In this and the following pages I take you through the different stages from day 1 to hatching at day 21.
We'll go step-by-step, slowly, carefully and with as much practical detail as you can take.
This series is expanded in my hatching club course, where I lead you by the hand in even more detail through the process and invite you to join my Hatching Club Facebook page.
If this is your first time incubating chicken eggs...
...and if - as I'm sure you do - you take it seriously, you can expect to feel two things: uncertain, and anxious. I certainly felt like that. It's only natural.
You've read all the books, you've seen all the questions on the forums. So much can go wrong at any stage ...
But if you can, try to relax and enjoy the whole process.
A mother hen goes through this without too much fuss. We'll use her as our role model as we take a leaf out of her book.
Of course, things can go wrong. But if you've chosen and stored your fertile eggs wisely, if you're careful and you don't panic, all will be well.
The candling pictures I use here and on the next pages are my own. They follow one of my chicks right through from placing the egg in the
incubator to hatching. This is what she looked like just a few hours
after she'd hatched.
See the white tip on the end of her beak? That's the 'egg tooth' which chicks use to peck their way out of the egg. She'll lose it within a day or two.
The answer is - quite a lot. It may not seem like it, and you won't be able to see much of it at least initially, but ever since the egg was laid it has been developing.
It will have stalled once the hen was no longer warming it, but make no mistake - if you have a fertile egg, development has already started before the egg goes into the incubator. Incubation kick-starts the process again.
By the end of this first week, your chick is one third of the way to full development.
The shell of the egg doesn't change at all on the outside until the chick is ready to hatch much later in the process. At that point, she will start to peck through. This is known as "pipping".
Until then, if you want to see anything you'll need to invest in a candler - either home made or shop bought. Both are good as long as the light is very bright, and focused.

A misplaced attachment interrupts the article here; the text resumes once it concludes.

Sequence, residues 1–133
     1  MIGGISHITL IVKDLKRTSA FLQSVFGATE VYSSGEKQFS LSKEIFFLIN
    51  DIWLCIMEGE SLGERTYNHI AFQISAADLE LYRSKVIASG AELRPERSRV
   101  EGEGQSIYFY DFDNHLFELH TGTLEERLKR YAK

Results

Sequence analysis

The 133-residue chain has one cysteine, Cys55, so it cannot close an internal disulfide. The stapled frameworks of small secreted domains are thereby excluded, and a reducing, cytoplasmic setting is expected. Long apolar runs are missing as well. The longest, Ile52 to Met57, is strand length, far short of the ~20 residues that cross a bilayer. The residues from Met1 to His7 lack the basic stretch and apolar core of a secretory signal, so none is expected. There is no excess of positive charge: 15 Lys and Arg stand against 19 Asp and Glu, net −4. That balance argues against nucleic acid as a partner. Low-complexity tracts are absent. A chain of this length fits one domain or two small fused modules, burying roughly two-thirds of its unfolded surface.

There's really not much to see at this point. Initially the egg will look clear, apart from the air cell which you'll see at the 'fat' end of the egg. As time goes by you'll notice this air sack become larger.
It's here the chick will eventually hatch.
From day 2 to 3 you'll be able to see the yolk of the egg. When I first saw this, I was hugely excited - I thought it was the embryo.
That's how much I knew.
From about day 4 or 5 in a properly developing egg you'll start to see tiny spider like markings appearing in the yolk area when you candle your eggs.
These are easiest to see in white or light-coloured eggs. In a dark-coloured egg like a Marans, they're much more difficult to spot.
This is the start of the embryo's visible development. The 'spider legs' you can see are the embryo's blood vessels. These will become much more well-defined over the next several days.
The next few days see the development of the blood supply to the developing embryo, and the eye becomes far more prominent.
If you look closely, you can see the outline of the embryo developing - it looks like a darkish ring around the eye.
Also notice at the bottom of this picture that the air cell has started to get a little larger. This too will become more obvious with time.
In a lot of ways, the first week is the worst. Once it's over you can see your chick developing. You'll also be able to tell whether you have eggs which are infertile and not going to develop.
Next week, we'll watch as the chick develops even more, make sure we're keeping the right conditions in the incubator, and learn what to do with eggs that are just not developing.